Photo courtesy of Wildsight B.C.

Caribou: a species in peril

Wildsight holds film screening on vanishing caribou herds

It was during the late 1990s when Dave Quinn started researching the South Purcell caribou herd in Cranbrook. One hundred caribou made up the herd at the time, and the crew tracked them using radio collars, flying to remote areas with a little Cessna bush plane.

The Mountain Caribou has been likened to a canary in a coal mine; whose decline is an early indicator of a suffering ecosystem.

The South Purcell Mountain Caribou herd is the closest to Fernie. In 1995, there were 78, now, there are only 16.

“In the first few years of study we found the caribou using the last unlogged old growth,” said Quinn. “Pretty soon flagging tape would be there, next year a road, and the following year it would be gutted.”

He says that as fast as they could get their reports together and lobby for protection, their crucial habitat was vanishing.

Wildsight coordinator Eddie Petryshen says that the southern Mountain Caribou in B.C. are declining at an alarming rate. On Wednesday night, Wildsight, in partnership with the Yellowstone To Yukon Conservation Initiative held a film screening at The Arts Station in Fernie to raise awareness about the decline of one of Canada’s iconic animals.

The film, called Last Stand: The vanishing caribou rainforest, explores how the disappearance of inland temperate rainforests in B.C. are leading to the species’ demise.

The numbers of Mountain Caribou in the province have fallen from 2,200 in the 1990s to under 1,500 today.

“One of the most major sources of decline is habitat loss,” he said. “They’re super sensitive to habitat changes.”

The introduction of logging in the area, as well as the development of roads and trails have changed the caribou’s habitat over the past few decades.

The caribou rely on old-growth forests for sustenance, which as they are logged, reduce the areas available to the caribou.

“The decline of Mountain Caribou mirrors the decline of the equally rare inland temperate rainforest where they feed during the spring and fall,” said Petryshen, adding that the development of roads into the more remote areas has also led predators into their habitats that they previously didn’t have to deal with.“That’s something that has really affected populations,” he said, explaining that predator-prey dynamics have completely changed.

“Mountain Caribou migrate elevationally,” said Petryshen.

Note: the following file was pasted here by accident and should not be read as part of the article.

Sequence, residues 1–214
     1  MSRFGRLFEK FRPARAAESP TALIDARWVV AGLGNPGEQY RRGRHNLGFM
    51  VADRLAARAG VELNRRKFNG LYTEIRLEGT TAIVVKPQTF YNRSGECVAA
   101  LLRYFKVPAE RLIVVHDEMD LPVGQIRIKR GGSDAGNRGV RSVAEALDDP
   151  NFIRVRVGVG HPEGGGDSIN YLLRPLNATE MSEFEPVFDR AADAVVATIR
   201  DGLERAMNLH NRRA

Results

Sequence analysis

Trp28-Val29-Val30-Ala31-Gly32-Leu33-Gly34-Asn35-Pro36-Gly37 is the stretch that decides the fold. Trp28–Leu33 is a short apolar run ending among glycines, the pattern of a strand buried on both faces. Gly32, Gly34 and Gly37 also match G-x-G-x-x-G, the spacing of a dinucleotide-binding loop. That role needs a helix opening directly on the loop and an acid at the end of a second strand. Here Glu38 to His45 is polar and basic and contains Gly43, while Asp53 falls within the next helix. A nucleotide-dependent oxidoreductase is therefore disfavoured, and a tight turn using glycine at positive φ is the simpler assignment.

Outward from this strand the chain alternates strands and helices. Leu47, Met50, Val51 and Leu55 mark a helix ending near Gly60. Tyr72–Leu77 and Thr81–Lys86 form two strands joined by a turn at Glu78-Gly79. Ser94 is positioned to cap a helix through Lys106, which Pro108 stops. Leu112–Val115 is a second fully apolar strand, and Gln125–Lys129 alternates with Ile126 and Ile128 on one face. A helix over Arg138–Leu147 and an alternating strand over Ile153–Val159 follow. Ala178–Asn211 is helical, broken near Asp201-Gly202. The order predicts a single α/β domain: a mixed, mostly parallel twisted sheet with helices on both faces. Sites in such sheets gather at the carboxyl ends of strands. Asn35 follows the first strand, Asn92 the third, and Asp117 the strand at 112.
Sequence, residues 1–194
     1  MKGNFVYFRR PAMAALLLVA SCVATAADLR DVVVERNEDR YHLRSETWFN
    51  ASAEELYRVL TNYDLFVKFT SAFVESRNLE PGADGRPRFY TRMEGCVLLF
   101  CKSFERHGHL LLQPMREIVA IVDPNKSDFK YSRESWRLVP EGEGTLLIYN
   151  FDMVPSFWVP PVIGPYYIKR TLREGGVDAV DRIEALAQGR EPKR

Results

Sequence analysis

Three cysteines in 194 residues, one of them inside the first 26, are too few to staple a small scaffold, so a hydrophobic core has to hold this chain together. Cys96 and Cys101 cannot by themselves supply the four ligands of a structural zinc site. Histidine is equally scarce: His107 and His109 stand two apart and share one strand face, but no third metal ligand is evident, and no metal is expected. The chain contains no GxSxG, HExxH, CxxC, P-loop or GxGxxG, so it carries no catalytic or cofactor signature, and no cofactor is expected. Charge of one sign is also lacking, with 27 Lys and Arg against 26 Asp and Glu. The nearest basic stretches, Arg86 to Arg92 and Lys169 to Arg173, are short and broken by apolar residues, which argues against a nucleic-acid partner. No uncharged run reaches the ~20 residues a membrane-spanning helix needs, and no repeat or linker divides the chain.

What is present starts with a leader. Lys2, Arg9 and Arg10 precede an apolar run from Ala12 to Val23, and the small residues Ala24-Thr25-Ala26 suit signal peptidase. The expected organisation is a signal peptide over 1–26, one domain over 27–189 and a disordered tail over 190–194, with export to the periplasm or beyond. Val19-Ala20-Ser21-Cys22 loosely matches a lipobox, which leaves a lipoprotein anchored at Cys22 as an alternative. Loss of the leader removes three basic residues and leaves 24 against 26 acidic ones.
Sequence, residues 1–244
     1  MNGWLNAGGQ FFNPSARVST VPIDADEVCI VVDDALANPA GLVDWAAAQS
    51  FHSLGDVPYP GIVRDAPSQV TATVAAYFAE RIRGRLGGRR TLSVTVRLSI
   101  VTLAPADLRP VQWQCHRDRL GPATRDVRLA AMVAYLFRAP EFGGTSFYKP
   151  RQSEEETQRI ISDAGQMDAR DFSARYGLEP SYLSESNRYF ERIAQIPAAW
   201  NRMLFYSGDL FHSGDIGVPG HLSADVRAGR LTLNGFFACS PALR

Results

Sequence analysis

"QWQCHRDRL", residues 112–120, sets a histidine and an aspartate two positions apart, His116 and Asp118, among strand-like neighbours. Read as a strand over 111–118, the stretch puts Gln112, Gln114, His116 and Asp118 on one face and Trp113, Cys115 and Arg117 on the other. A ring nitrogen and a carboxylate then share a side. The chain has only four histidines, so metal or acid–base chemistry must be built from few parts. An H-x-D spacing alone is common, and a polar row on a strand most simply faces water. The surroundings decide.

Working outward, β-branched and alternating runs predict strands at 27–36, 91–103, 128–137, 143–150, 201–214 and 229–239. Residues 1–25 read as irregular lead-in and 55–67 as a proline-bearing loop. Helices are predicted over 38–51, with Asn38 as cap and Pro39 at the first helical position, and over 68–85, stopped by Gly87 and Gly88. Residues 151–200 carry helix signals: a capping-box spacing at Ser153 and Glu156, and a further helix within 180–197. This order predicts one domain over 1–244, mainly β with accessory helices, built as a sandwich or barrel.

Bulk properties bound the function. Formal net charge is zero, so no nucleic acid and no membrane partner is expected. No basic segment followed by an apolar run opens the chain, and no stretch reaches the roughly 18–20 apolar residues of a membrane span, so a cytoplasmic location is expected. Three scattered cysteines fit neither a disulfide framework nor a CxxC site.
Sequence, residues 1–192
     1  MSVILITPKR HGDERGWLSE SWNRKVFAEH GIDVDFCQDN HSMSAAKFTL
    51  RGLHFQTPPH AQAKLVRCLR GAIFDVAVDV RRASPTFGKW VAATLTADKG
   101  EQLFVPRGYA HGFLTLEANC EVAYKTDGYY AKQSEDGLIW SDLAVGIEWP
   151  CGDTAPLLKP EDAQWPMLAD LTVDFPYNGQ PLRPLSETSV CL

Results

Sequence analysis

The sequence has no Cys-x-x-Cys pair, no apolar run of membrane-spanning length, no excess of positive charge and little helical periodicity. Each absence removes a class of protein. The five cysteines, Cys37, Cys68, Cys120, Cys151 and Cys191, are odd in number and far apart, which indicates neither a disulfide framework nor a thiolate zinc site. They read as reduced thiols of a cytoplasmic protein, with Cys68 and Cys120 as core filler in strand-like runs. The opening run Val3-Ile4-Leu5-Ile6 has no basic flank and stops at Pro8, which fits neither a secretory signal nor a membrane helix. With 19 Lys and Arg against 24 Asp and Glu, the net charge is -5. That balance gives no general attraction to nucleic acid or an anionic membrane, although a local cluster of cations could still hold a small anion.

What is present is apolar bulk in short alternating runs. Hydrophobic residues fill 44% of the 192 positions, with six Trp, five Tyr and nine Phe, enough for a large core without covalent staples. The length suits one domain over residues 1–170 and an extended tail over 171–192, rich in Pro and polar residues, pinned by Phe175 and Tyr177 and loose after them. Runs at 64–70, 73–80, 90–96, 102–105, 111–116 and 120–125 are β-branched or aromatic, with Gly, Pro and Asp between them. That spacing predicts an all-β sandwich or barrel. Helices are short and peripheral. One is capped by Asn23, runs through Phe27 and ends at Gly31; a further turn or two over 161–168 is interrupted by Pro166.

In the late winter, the caribou migrate higher into the mountains and feed exclusively on a high altitude lichen, which is their “evolutionary niche.”

“You have this species that’s evolved to live in this extreme climate,” said Petryshen.

The Mountain Caribou are a species adapted to navigate through heavy snowpack with their snowshoe-like hooves.

“They’re really a keystone species in terms of wilderness.”

A report from the federal Ministry of Environment and Climate change released last Tuesday says that caribou populations in the country are in grave danger. The Boreal Woodland Caribou, which was the focus of the report, was listed as a species at risk in 2012. Since then, the situation has only gotten worse.

“Habitat condition in the majority of ranges has worsened since 2012,” the report reads.

The Ministry says that the provinces have not been able to implement a strong enough plan to protect the populations successfully, and a joint, federally-led initiative is needed.

In B.C. there are three different caribou species,;the Woodland Caribou in southern and central parts of the province are listed as threatened. Populations of Northern and Mountain Caribou are also facing decline in the province.

Wildsight is currently working on developing more habitat protections as well as reconnecting isolated populations of Mountain Caribou so they can breed and share DNA.

“I think the Mountain Caribou is just so synonymous with Canadian culture,” said Petryshen. “I think it’s a really important story as we move into a changing climate.”

The last areas, like the Hellroaring Creeks that flow down through Montana desperately need preservation to keep the last of the South Purcell herd.

The creeks there and the unlogged valleys provide crucial protection for the herd from predators that usually feed on moose, deer and elk.

“I won’t say it’s too late,” said Quinn. “But we have really made our job difficult in terms of Mountain Caribou recovery by not being able to control ourselves when it came to logging.”

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